Historically, mandatory vaccination policies result in higher vaccination rates, typically about double the rate reached under a purely voluntary program. According to the CDC, only 37.5% of nursing home staff received at least one dose of COVID-19 vaccine during the first month of voluntary vaccine clinics in nursing homes. Whereas, for example, a senior living center that required vaccines attained a 96% inoculation rate. The CDC emphasis on vaccinations as a way to reach herd immunity and close the door on the COVID-19 pandemic is a significant consideration. And as a practical matter, Houston Methodist correlated a higher vaccination rate with lower employee illness and absenteeism rates, a powerful factor in attempting to safely maintain operating capacity. The analysis is not one-sided, however.
Employee Relations: Healthcare Workers Experience a Higher Rate of Vaccine Hesitancy
Despite compelling evidence that the COVID-19 vaccines being distributed in the U.S. are safe, a surprising number of workers express concerns about the safety of the vaccine and oppose mandatory policies. They cite above-referenced EUA status of the vaccines and a perception that vaccine development was rushed among their concerns. According to a Washington Post poll, 42% of healthcare workers oppose mandating the COVID-19 vaccine for those who work with patients. Only 30% of non-healthcare workers expressed that opinion. Roughly 30% of those healthcare workers either intend to decline the vaccine or were undecided. Almost two-thirds of that group indicated that they would sacrifice their jobs rather than being vaccinated. Such skepticism is a reason that some healthcare providers are continuing to encourage or incentivize vaccinations rather than requiring them. An anonymous nurse who works for Houston Methodist received considerable media attention in expressing her opposition to mandatory vaccinations and launched a petition seeking support of her position.
Legal Concerns: Mandating Vaccination Triggers Detailed ADA and Title VII Concerns
Employers who mandate COVID-19 vaccination must be prepared to support their position when some employees will inevitably seek exemptions or simply refuse to be vaccinated. Legally, at-will employers can enforce such policies as long as they provide accommodations for certain medical or religious objections. These accommodations requirements arise under the Americans with Disabilities Act (ADA) and Title VII of the Civil Rights Act. In each case, the accommodation process is fact-specific and must be individualized.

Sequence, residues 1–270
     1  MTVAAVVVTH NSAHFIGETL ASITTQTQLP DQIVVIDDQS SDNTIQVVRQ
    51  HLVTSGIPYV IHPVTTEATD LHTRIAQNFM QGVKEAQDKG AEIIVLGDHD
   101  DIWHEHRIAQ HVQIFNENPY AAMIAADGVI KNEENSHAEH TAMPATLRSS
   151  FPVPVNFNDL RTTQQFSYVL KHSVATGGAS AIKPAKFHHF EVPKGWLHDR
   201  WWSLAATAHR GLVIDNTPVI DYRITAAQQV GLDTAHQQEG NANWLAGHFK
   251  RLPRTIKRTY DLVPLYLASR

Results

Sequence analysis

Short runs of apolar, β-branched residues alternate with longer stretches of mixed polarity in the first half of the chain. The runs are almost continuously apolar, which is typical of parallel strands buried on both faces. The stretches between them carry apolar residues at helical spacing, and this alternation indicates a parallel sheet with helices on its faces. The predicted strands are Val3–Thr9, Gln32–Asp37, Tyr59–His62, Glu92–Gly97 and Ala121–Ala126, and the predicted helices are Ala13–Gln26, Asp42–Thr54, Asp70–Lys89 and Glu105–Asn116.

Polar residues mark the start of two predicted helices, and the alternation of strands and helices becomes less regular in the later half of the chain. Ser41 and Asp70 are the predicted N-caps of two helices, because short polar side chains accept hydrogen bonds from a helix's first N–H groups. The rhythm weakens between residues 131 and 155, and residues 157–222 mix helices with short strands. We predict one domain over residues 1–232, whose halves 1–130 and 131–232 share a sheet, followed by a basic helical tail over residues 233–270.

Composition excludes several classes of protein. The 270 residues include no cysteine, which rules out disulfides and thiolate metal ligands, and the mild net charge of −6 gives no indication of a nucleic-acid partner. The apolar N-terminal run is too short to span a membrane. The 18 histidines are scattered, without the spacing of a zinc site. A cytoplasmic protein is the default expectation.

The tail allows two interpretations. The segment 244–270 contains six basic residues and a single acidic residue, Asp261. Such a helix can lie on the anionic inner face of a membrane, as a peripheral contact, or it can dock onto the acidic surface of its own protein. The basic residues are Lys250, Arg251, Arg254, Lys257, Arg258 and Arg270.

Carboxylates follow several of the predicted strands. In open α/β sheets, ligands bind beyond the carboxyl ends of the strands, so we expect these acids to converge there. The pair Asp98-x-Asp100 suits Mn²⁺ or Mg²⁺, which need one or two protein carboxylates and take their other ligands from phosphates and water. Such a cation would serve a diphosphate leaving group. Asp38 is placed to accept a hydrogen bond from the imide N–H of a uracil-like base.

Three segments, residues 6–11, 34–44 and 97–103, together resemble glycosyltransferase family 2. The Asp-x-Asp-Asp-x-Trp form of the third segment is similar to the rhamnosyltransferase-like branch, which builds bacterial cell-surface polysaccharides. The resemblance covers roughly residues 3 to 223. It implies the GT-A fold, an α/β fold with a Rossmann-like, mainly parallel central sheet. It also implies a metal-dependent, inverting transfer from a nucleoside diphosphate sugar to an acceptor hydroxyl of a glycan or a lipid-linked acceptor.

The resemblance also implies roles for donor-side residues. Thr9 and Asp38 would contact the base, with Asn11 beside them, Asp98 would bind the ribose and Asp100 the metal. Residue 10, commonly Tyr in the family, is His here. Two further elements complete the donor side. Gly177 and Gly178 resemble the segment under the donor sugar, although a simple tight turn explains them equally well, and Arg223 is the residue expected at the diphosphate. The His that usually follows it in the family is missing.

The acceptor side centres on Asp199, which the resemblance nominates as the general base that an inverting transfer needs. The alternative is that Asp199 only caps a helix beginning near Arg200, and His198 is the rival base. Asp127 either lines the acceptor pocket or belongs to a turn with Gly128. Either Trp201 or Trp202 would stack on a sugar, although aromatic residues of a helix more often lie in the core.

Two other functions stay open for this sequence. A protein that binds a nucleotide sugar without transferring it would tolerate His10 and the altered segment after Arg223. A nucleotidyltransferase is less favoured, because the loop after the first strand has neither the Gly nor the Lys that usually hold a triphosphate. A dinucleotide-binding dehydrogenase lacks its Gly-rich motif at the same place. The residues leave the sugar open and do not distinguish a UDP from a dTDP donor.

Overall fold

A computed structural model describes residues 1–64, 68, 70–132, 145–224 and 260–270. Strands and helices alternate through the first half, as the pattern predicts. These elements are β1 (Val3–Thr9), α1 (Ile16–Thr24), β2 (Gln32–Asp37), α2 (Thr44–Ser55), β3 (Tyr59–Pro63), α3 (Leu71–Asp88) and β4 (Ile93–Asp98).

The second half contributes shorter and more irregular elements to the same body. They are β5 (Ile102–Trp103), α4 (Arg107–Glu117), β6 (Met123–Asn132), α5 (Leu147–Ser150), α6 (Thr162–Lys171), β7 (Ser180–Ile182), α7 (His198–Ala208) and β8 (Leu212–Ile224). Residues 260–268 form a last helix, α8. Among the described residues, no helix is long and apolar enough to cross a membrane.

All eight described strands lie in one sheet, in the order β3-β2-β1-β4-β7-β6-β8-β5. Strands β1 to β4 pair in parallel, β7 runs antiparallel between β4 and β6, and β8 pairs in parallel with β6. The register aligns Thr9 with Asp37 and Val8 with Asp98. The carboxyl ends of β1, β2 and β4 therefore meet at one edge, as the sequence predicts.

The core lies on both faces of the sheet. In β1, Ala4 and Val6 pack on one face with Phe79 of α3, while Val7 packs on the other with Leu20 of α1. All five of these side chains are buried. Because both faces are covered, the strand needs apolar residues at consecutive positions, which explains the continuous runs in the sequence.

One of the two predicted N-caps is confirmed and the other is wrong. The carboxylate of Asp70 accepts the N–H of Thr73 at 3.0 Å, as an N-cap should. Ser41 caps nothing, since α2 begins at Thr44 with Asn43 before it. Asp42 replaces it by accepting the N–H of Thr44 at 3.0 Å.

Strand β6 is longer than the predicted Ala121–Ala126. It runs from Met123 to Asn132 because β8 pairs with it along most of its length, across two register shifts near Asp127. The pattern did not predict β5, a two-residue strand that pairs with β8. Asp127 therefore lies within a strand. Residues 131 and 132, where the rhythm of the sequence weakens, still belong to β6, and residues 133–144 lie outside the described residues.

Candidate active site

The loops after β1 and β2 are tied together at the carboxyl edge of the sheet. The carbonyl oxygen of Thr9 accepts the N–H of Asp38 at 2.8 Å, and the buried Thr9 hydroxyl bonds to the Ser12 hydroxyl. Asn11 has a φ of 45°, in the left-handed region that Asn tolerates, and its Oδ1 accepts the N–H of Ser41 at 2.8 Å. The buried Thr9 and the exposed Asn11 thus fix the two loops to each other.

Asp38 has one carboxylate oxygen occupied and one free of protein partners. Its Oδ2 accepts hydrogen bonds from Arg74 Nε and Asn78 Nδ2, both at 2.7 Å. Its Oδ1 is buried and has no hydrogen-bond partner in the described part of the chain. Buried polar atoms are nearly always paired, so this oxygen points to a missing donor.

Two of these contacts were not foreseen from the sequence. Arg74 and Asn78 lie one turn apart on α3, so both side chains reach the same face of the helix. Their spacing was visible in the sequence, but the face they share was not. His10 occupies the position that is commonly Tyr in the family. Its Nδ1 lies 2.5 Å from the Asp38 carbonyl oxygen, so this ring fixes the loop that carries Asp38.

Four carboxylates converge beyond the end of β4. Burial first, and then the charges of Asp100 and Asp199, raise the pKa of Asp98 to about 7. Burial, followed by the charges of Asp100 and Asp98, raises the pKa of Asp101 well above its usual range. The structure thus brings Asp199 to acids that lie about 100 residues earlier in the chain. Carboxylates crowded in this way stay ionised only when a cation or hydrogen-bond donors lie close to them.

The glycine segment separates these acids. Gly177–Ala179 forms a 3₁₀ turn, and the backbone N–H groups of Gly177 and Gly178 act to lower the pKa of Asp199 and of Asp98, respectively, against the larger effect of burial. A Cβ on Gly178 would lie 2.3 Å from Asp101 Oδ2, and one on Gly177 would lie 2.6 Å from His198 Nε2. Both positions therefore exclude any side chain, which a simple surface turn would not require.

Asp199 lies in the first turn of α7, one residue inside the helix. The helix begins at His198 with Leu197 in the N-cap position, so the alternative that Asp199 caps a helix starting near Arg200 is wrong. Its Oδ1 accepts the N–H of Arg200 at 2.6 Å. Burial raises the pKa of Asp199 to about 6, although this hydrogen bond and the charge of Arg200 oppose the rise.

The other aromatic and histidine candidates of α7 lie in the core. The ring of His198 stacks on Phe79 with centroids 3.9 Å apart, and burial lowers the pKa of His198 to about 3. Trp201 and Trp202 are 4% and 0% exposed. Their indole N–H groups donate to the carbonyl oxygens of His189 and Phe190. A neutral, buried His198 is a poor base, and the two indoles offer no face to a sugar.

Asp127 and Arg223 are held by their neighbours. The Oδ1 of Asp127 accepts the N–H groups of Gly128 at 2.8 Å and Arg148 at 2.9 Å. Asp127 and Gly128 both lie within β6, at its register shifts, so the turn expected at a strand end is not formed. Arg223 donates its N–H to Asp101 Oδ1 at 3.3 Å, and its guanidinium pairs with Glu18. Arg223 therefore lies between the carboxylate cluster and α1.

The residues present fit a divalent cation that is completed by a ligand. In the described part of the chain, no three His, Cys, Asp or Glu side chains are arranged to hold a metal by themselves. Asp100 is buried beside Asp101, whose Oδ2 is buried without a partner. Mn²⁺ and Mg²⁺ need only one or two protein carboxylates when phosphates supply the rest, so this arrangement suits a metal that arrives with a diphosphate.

When an employee seeks an accommodation based upon a medical condition, the ADA will often apply. In that case, an employer seeking to enforce its policy requirement must establish that COVID-19 vaccination is either a safety-based qualification standard or that an unvaccinated employee in the workplace represents a significant threat of substantial harm that cannot be eliminated by a reasonable accommodation. The process of considering an accommodation request based upon an employee’s sincerely held religious beliefs is similar. When an employee requests such accommodations, the employer is legally required to engage in an interactive process to determine whether the issue can be resolved.
The ADA also imposes strict limits on when and how employers can make medical inquiries or conduct medical examinations. Most, but not all of an employee’s responses to such medical inquiries constitute confidential information that the employer must safeguard. Even asking an employee whether they have been vaccinated can be tricky if not handled carefully.
Unionized Employers Will Likely be Required to Provide Advanced Notice and Bargain
If your workplace is unionized and operates under a collective bargaining agreement, imposition of a vaccine mandate likely requires advanced notice to the incumbent union(s) and bargaining over the issue, if requested.
Although we have yet to see a large number of employers mandate the COVID-19 vaccine, the tides may be turning. Healthcare and other employers who are considering requiring COVID-19 vaccinations should carefully evaluate all of these issues, in addition to planning how to communicate their decision and procedure; who will oversee and coordinate the process; how to deal with accommodation requests; and how workplace COVID-19 protocols may (or may not) change when the workforce is more fully-vaccinated. We will continue to monitor developments related to the COVID-19 vaccines and related workplace questions that arise.